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Alpha particles are radiation of high energy and short range, properties that can lead to radiolysis-mediated complications in labeling chemistry at the high radioactivity levels required for clinical application. In previous papers in this series, we have shown that radiation dose has a profound effect on the astatine species that are present in the labeling reaction and their suitability for the synthesis of N-succinimidyl 3-[211At]astatobenzoate. The purpose of this study was to evaluate the effects of adding N-chlorosuccinimide (NCS) to the methanol solution used for initial isolation of 211At after distillation, a process referred to as 211At stabilization, on 211At chemistry after exposure to high radiation doses. High performance liquid chromatography was used to evaluate the distribution of 211At species present in methanol in the 500-65,000Gy radiation dose range and the synthesis of SAB from N-succinimidyl 3-(tri-n-butylstannyl)benzoate in the 500-120,000Gy radiation dose range using different 211At timeactivity combinations under conditions with/without 211At stabilization. In the absence of NCS stabilization, a reduced form of astatine, At(2), increased with increasing radiation dose, accounting for about half the total activity by about 15,000Gy, while with stabilization, At(2) accounted for <10% of 211At activity even at doses >60,000Gy. SAB yields without stabilization rapidly declined with increasing dose, falling to ~20% at about 5000Gy while with stabilization, yields >80% were obtained with 211At solutions stored for more than 23h and receiving radiation doses >100,000Gy. Adding NCS to the methanol solution used for initial isolation of 211At is a promising strategy for countering the deleterious effects of radiolysis on 211At chemistry. This strategy could facilitate the ability to perform 211At labeling at sites remote from its production and at the high activity levels required for clinical applications. Copyright © 2016 Elsevier Inc. All rights reserved.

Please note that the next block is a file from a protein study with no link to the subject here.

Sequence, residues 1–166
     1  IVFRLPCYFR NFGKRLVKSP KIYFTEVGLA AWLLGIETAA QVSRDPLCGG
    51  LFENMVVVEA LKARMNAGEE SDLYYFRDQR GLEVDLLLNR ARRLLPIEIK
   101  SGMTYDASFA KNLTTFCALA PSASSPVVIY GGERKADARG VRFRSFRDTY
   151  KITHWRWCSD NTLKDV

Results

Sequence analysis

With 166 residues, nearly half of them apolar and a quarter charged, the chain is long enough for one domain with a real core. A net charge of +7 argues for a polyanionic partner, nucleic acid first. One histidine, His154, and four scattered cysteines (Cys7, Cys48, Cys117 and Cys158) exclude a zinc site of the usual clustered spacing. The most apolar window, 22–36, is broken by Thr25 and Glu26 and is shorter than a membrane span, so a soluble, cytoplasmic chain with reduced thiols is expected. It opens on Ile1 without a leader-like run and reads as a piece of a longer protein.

Oscar R Pozzi, Michael R Zalutsky. Radiopharmaceutical chemistry of targeted radiotherapeutics, part 4: Strategies for 211At labeling at high activities and radiation doses of 211At α-particles. Nuclear medicine and biology. 2017 Mar;46:43-49

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PMID: 28013121

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